Resistance to drugs has been an ongoing obstacle to a successful treatment of many diseases. In this work we consider the problem of drug resistance in cancer, focusing on random genetic point mutations. Most previous works on mathematical models of such drug resistance have been based on stochastic methods. In contrast, our approach is based on an elementary, compartmental system of ordinary differential equations. We use our very simple approach to derive results on drug resistance that are comparable to those that were previously obtained using much more complex mathematical techniques. The simplicity of our model allows us to obtain analytic results for resistance to any number of drugs. In particular, we show that the amount of resistance generated before the start of the treatment, and present at some given time afterward, always depends on the turnover rate, no matter how many drugs are simultaneously used in the treatment.
This paper focuses on the characterization of delay effects on the asymptotic stability of some continuous-time delay systems encountered in modeling the post-transplantation dynamics of the immune response to chronic myelogenous leukemia. Such models include multiple delays in some large range, from one minute to several days. The main objective of the paper is to study the stability of the crossing boundaries of the corresponding linearized models in the delay-parameter space by taking into account the interactions between small and large delays. Weak, and strong cell interactions are discussed, and analytic characterizations are proposed. An illustrative example together with related discussions completes the presentation.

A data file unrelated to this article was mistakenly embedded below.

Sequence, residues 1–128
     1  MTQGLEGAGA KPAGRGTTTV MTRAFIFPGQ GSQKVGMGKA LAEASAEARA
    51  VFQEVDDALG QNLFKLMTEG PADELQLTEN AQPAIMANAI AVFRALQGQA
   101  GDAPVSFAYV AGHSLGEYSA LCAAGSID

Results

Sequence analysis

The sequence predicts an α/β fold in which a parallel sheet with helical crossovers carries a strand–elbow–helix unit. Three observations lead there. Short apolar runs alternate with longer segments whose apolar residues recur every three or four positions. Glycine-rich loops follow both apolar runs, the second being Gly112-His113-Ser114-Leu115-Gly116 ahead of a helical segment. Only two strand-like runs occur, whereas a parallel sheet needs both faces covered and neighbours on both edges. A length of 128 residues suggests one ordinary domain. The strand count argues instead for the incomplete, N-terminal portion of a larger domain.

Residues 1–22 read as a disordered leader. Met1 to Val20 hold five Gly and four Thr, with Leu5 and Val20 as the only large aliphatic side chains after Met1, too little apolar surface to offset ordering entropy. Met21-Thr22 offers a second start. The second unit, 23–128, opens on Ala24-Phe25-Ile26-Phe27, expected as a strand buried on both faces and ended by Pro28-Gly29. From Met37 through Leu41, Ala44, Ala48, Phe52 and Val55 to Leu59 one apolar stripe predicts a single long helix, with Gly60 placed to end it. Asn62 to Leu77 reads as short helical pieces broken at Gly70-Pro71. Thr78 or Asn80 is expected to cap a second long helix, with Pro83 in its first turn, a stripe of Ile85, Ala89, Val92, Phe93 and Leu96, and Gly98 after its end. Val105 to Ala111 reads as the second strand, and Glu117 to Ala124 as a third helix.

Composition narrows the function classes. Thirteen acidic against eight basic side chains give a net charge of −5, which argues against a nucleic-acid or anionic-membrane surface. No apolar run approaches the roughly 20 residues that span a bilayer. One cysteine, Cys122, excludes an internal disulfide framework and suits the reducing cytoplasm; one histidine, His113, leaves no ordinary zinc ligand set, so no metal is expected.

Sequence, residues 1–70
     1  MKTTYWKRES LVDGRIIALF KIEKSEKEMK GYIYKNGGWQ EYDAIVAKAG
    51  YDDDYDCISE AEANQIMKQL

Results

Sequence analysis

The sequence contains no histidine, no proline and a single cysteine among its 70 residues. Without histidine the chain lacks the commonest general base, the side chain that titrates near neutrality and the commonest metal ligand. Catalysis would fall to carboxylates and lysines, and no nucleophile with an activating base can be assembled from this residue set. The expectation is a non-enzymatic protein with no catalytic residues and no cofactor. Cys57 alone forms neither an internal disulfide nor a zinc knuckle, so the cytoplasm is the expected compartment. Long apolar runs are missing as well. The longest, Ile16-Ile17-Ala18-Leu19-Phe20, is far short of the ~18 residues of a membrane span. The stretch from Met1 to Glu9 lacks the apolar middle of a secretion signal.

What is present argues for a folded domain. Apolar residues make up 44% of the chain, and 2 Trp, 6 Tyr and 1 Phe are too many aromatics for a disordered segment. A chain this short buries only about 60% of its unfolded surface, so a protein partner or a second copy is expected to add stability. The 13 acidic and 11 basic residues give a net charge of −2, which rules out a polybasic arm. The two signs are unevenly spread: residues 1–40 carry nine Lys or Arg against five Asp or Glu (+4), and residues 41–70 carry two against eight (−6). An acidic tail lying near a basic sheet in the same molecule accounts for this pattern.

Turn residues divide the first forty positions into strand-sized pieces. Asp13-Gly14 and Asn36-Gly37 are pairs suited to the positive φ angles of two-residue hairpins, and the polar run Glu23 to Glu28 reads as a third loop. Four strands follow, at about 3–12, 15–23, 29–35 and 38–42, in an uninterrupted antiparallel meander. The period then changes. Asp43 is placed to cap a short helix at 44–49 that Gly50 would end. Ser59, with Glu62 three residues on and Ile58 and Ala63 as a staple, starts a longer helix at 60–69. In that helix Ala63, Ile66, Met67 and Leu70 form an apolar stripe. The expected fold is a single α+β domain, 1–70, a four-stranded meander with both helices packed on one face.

This work presents a hierarchy of mathematical models for describing the motion of phototactic bacteria, i.e., bacteria that move towards light. Based on experimental observations, we conjecture that the motion of the colony towards light depends on certain group dynamics. This group dynamics is assumed to be encoded as an individual property of each bacterium, which we refer to as ’excitation’. The excitation of each individual bacterium changes based on the excitation of the neighboring bacteria. Under these assumptions, we derive a stochastic model for describing the evolution in time of the location of bacteria, the excitation of individual bacteria, and a surface memory effect. A discretization of this model results in an interacting stochastic many-particle system. The third, and last model is a system of partial differential equations that is obtained as the continuum limit of the stochastic particle system. The main theoretical results establish the validity of the new system of PDEs as the limit dynamics of the multi-particle system.
We present a new algorithm for segmenting organs in CT scans for radiotherapy treatment planning. Given a contour of an organ that is segmented in one image, our algorithm proceeds to segment contours that identify the same organ in the consecutive images. Our technique combines partial differential equations-based morphing active contours with algorithms for joint segmentation and registration. The coupling between these different techniques is done in order to deal with the complexity of segmenting ''real'' images, where boundaries are not always well defined, and the initial contour is not an isophote of the image.